Monday("Monday", "Mo.", true),
    Tuesday("Tuesday", "Tu.", true),
    Wednesday("Wednesday", "We.", true),
    Thursday("Thursday", "Th.", true),
    Friday("Friday", "Fr.", true),
    Saturday("Saturday", "Sa.", false),
    Sunday("Sunday", "Su.", false);

    public final String name ;
    public final String abbreviation;
    public final boolean isWorkDay;

    WeekJava(String name, String abbreviation, boolean isWorkDay) {
        this.name = name;
        this.abbreviation = abbreviation;
        this.isWorkDay = isWorkDay;
    }
}
  • There is no default ordering between enumeration values, but this can be achieved manually by including some info on the values, just like we did on other examples. Unfortunately the compiler requires that we override 5 methods instead of only 1, creating a little more boilerplate code:
import scala.math.Ordered;

public enum WeekJava implements Ordered<WeekJava> {
    Monday("Monday", "Mo.", true, 2),
    Tuesday("Tuesday", "Tu.", true, 3),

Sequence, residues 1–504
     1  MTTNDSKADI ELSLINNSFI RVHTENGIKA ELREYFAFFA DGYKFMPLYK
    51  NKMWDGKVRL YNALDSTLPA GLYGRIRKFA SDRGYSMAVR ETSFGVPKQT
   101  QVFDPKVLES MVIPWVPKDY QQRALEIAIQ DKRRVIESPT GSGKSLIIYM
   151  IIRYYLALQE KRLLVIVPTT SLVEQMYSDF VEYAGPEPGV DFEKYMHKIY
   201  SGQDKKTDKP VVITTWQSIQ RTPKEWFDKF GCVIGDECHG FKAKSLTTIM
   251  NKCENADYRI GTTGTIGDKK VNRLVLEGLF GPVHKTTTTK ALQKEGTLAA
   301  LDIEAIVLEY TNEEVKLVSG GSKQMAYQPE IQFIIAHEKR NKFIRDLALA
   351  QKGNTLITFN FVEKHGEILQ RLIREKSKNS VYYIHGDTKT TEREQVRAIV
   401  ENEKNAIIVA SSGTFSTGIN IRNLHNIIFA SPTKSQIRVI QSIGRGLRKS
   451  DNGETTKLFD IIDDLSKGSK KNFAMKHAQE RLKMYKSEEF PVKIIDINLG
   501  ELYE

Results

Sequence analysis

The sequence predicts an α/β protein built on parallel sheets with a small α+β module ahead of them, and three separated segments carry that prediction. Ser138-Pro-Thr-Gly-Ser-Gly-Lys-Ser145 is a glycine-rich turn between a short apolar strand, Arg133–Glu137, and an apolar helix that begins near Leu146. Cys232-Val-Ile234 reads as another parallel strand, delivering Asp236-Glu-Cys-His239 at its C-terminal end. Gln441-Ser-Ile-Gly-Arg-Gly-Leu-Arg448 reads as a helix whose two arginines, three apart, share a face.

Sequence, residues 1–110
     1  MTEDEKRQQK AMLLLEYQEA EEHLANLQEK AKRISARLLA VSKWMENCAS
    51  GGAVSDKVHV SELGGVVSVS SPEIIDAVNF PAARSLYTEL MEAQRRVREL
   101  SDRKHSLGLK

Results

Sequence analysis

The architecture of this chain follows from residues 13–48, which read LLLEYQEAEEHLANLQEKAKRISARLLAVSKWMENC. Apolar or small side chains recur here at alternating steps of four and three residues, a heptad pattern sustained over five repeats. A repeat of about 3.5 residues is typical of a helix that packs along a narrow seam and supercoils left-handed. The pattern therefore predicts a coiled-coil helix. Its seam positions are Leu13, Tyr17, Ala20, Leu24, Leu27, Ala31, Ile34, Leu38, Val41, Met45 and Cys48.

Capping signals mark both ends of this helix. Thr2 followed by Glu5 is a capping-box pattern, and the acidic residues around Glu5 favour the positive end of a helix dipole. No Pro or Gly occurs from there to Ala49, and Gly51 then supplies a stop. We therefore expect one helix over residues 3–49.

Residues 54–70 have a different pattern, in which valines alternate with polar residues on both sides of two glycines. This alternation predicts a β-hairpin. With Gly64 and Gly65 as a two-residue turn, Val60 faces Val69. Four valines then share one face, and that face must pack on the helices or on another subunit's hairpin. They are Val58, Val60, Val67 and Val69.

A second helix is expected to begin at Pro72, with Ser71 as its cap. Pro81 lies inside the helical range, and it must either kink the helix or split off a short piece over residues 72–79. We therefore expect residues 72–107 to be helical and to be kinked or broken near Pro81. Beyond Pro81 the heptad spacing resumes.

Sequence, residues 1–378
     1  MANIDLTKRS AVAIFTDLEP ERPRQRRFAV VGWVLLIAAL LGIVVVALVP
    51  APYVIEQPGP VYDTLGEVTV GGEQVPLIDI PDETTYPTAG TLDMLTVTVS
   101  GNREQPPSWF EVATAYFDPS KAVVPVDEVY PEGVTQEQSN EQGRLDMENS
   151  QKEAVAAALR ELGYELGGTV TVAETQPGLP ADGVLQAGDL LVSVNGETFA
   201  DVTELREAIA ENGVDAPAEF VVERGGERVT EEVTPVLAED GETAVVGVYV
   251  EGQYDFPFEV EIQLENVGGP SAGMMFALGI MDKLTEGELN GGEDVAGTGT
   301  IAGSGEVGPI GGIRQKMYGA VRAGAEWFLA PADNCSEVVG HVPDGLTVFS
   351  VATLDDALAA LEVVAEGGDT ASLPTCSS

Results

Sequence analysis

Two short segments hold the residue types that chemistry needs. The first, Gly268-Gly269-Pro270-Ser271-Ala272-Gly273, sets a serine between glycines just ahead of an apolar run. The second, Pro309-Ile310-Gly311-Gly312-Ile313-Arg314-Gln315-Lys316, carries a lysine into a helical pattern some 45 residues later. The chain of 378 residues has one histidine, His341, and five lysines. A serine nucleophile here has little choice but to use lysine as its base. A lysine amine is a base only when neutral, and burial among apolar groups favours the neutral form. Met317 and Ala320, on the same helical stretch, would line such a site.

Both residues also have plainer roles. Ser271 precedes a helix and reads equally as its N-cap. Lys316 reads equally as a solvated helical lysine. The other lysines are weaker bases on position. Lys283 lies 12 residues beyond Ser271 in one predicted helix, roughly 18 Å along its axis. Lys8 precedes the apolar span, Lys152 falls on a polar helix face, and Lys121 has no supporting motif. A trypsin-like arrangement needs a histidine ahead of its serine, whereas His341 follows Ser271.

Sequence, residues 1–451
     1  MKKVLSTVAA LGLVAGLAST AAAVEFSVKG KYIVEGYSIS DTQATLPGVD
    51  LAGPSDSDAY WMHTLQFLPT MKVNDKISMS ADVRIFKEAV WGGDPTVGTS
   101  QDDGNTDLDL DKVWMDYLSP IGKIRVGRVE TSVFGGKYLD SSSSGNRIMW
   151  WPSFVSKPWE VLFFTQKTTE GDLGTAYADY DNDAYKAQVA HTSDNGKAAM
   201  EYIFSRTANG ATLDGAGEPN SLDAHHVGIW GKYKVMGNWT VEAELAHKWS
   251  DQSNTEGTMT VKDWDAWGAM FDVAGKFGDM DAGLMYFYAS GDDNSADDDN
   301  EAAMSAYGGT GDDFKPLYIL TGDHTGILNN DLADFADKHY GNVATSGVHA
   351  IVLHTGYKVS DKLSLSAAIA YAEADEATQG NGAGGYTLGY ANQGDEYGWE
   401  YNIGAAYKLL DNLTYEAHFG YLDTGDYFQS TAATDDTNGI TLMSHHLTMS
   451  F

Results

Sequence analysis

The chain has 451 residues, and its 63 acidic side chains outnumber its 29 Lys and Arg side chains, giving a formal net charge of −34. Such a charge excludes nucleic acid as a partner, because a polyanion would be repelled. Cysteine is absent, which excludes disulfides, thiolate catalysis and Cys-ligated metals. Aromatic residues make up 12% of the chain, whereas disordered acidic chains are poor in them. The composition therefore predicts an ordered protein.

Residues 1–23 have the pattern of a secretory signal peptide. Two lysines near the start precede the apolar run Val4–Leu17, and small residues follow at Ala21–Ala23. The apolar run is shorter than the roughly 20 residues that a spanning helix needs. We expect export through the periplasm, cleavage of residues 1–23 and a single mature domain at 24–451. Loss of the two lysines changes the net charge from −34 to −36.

Wednesday("Wednesday", "We.", true, 4),
    Thursday("Thursday", "Th.", true, 5),
    Friday("Friday", "Fr.", true, 6),
    Saturday("Saturday", "Sa.", false, 7),
    Sunday("Sunday", "Su.", false, 1);

    public final String name;
    public final String abbreviation;
    public final boolean isWorkDay;
    public final int order;

    @Override
    public int compare(WeekJava that) {
        return this.order - that.order;
    }

    @Override
    public boolean $greater$eq(WeekJava that) {
        return this.compare(that) >= 0;
    }

    @Override
    public boolean $less$eq(WeekJava that) {
        return this.compare(that) <= 0;
    }

    @Override
    public boolean $greater(WeekJava that) {
        return this.compare(that) > 0;
    }

    @Override
    public boolean $less(WeekJava that) {
        return this.compare(that) < 0;
    }

    WeekJava(String name, String abbreviation, boolean isWorkDay, int order) {
        this.name = name;
        this.abbreviation = abbreviation;
        this.isWorkDay = isWorkDay;
        this.order = order;
    }
}

Final Remarks

Despite the fact that Java enums were not approached on my last blog post, they are an awesome alternative, specially if runtime overhead is a concern to your application.

The biggest problem one could point was the fact the deserialization method could throw an exception, but as we have seen, it’s very easy to create a safe alternative. Still, you and your team must ensure the correct method is used in all cases, which may be a point of failure.

So, next time you have to define enumerations, don’t forget about Java enums when choosing among available options :)

First part

In case you missed it, make sure you read the first part about Scala enumeration